A research meeting was held in Munich, Germany in early September for three days to assess the current state-of-the-art and the near-term future of ocular pharmacology. One half day session of this six session meeting was devoted to anti-inflammatory therapy and various therapies used in the treatment of ocular inflammatory disease. While some promising prospects exist for novel agents that can more selectively affect certain components or pathways of the inflammatory cascade (e.g., oligonucleotide therapy, peptide therapy, monoclonal antibody therapy, and tolerization therapy), it was clear, as a result of multiple presentations, that, in fact THE FUTURE IS NOW! By this was meant that enormous progress has been made in successful treatment of previously blinding aggressive ocular inflammatory diseases over the past twenty-five years through the employment of immunosuppressive/immunomodulatory medications. Indeed, many previously blinding diseases, disease which were literally guaranteed to eventually blind a patient, are now imminently curable. Examples of such diseases include cicatricial pemphigoid, Mooren’s ulcer, and certain forms of progressive uveitis. Indeed, even certain lethal systemic diseases with inflammatory ocular manifestations, such as Behcet’s disease, Granulomatosis with Polyangiitis (formerly called Wegener’s), and polyarthritis nodosa now not only can have the destructive ocular manifestations of the disease stopped, but can also have, through immunosuppressive chemotherapy, the life of the patient saved.
The pity is, as was vividly pointed out by speakers at this meeting, that the vast majority of the world’s ophthalmology community are still held hostage by incorrect understandings of the risks of such therapy. Ophthalmologists often carry with them the misconceptions developed as a result of observing cancer chemotherapy patients during medical school, patients who developed virtually all of the potential side effects and complications of immunosuppressive chemotherapy. What they do not know, what they have not had experience observing, is the incredibly low prevalence of significant complications when such medications are used in the way that dermatologists, rheumatologists, and ocular immunologists use these drugs. For example, many ophthalmologists harbor the misconception that methotrexate therapy, just as alkylating agent therapy, is associated with sterility. Such is clearly not the case. Many ophthalmologists harbor the misconception that non-alkylating immunosuppressive chemotherapy for ocular inflammatory disease and rheumatologic disease and dermatologic disease is associated with an increased risk of malignancy later in life. Multiple publications in the rheumatologic and now in the ophthalmologic literature show that this is absolutely not the case.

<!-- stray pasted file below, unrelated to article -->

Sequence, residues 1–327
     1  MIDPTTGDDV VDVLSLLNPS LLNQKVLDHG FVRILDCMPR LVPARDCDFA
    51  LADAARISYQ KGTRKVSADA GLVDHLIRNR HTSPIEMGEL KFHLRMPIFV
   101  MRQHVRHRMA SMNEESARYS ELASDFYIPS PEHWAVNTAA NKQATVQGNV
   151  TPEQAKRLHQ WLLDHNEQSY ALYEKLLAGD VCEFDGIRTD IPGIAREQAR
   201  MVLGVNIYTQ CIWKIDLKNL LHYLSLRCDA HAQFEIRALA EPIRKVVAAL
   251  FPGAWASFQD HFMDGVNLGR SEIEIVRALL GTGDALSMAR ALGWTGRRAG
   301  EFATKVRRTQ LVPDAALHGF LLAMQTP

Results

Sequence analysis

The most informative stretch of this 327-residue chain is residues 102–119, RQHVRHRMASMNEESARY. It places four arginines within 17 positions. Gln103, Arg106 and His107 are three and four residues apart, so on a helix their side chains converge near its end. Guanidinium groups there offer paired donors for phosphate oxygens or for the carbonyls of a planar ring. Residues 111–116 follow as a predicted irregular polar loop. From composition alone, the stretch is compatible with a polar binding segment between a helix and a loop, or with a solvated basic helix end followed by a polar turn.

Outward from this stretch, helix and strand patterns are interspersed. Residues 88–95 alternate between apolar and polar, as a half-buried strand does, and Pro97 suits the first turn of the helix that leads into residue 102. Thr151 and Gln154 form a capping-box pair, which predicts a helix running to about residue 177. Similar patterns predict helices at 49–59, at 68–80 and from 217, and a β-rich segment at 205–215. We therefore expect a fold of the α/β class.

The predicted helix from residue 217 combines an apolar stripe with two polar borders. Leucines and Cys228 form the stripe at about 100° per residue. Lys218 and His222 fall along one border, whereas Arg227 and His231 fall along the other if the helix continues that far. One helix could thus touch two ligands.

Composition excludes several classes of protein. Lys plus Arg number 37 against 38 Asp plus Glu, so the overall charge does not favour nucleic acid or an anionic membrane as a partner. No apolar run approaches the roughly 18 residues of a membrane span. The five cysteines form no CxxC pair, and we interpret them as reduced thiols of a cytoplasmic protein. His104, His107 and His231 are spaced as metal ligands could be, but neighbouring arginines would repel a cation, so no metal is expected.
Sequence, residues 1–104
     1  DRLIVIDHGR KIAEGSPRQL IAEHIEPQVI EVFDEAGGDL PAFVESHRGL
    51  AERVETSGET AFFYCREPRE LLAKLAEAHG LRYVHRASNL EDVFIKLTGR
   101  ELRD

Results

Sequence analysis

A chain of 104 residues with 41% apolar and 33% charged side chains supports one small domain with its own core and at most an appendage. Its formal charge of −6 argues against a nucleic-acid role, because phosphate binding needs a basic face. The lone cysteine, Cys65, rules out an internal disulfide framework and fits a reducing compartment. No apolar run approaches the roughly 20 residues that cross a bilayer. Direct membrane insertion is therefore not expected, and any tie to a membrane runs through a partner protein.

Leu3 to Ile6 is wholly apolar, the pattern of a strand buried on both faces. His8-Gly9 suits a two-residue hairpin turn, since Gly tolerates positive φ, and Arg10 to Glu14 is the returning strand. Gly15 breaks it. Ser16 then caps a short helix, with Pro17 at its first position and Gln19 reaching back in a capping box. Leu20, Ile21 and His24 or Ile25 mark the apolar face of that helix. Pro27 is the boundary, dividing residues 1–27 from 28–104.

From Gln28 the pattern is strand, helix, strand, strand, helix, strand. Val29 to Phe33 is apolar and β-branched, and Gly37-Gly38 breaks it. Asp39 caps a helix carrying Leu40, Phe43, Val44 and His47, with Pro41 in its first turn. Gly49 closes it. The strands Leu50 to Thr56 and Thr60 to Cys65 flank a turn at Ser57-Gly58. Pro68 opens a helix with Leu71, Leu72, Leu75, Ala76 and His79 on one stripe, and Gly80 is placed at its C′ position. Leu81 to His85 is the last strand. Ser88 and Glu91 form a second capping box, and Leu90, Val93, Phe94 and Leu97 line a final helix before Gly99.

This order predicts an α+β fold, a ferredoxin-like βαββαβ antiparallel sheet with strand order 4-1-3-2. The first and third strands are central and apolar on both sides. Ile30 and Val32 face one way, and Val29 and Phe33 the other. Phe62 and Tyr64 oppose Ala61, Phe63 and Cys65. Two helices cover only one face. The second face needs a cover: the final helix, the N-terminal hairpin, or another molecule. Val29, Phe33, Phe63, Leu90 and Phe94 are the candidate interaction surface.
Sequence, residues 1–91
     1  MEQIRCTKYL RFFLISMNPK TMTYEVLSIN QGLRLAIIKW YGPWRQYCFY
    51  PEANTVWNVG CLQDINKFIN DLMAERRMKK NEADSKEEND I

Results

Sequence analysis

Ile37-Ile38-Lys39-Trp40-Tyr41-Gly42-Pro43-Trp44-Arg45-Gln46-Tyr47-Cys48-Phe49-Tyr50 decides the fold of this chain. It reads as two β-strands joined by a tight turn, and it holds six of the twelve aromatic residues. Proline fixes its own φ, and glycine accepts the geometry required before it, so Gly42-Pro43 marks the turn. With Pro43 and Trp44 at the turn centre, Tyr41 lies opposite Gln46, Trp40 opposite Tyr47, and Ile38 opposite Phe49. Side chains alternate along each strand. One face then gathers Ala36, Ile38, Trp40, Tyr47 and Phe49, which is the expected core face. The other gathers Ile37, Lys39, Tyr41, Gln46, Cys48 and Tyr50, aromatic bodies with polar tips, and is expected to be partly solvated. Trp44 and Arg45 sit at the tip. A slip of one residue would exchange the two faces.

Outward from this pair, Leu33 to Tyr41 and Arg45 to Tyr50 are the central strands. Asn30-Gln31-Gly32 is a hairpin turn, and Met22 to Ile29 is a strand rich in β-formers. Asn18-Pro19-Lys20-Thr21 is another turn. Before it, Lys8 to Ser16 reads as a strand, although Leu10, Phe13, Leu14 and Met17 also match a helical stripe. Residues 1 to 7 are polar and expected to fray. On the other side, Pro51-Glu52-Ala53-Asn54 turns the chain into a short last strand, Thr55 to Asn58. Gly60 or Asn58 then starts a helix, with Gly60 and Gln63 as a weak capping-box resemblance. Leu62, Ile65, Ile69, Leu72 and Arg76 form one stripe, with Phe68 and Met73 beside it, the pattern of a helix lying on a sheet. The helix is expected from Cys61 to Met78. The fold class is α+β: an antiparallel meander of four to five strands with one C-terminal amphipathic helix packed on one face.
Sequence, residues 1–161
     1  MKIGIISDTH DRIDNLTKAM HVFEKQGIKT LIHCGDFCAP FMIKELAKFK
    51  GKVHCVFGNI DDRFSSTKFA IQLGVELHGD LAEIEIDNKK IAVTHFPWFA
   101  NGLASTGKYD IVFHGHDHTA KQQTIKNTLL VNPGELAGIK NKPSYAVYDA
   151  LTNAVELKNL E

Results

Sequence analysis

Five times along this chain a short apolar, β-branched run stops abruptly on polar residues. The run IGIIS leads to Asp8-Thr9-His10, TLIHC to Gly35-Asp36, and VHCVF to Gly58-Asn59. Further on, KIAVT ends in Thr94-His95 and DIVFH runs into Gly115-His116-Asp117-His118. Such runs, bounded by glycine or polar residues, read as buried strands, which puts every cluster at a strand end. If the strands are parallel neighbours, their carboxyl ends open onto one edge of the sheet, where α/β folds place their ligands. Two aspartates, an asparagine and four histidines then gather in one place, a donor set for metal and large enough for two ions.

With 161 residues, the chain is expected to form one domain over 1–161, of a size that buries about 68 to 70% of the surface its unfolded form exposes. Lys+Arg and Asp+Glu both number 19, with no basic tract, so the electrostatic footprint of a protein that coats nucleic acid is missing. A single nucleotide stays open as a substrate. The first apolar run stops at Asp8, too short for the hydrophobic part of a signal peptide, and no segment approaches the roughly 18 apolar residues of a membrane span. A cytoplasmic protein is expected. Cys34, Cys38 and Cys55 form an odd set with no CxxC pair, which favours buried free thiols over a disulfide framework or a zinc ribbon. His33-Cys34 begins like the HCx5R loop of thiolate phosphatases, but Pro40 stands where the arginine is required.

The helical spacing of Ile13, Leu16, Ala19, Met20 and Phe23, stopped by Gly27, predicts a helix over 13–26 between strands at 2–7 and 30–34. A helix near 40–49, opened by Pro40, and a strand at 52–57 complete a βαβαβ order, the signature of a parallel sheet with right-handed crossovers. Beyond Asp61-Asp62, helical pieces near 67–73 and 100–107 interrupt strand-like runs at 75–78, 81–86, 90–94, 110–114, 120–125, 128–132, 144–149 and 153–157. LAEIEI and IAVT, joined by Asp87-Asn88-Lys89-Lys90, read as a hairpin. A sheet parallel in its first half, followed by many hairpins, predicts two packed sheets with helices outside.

Therefore, one of the biggest conclusions to emerge from this meeting was that attendees at the meeting should make larger efforts to re-educate the world’s ophthalmologist community on the relative safety and extraordinary efficacy of conventional immunosuppressive chemotherapy for the care of patients with progressively blinding ocular inflammatory disease.
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Uveitis and Steroid-Sparing Therapy
Presented by C. Stephen Foster, MD, FACS, FACR
Audio-Digest Ophthalmology Volume 56, Issue 15